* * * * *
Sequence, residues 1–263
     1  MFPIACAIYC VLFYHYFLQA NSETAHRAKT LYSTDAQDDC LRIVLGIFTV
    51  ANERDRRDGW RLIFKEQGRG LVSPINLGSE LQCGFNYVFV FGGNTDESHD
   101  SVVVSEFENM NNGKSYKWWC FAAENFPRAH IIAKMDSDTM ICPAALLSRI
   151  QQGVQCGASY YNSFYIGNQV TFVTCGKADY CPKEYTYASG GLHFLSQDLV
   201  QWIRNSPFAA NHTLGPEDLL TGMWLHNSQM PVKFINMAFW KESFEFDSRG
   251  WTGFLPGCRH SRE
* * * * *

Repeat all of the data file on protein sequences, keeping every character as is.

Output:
Sequence, residues 1–263
     1  MFPIACAIYC VLFYHYFLQA NSETAHRAKT LYSTDAQDDC LRIVLGIFTV
    51  ANERDRRDGW RLIFKEQGRG LVSPINLGSE LQCGFNYVFV FGGNTDESHD
   101  SVVVSEFENM NNGKSYKWWC FAAENFPRAH IIAKMDSDTM ICPAALLSRI
   151  QQGVQCGASY YNSFYIGNQV TFVTCGKADY CPKEYTYASG GLHFLSQDLV
   201  QWIRNSPFAA NHTLGPEDLL TGMWLHNSQM PVKFINMAFW KESFEFDSRG
   251  WTGFLPGCRH SRE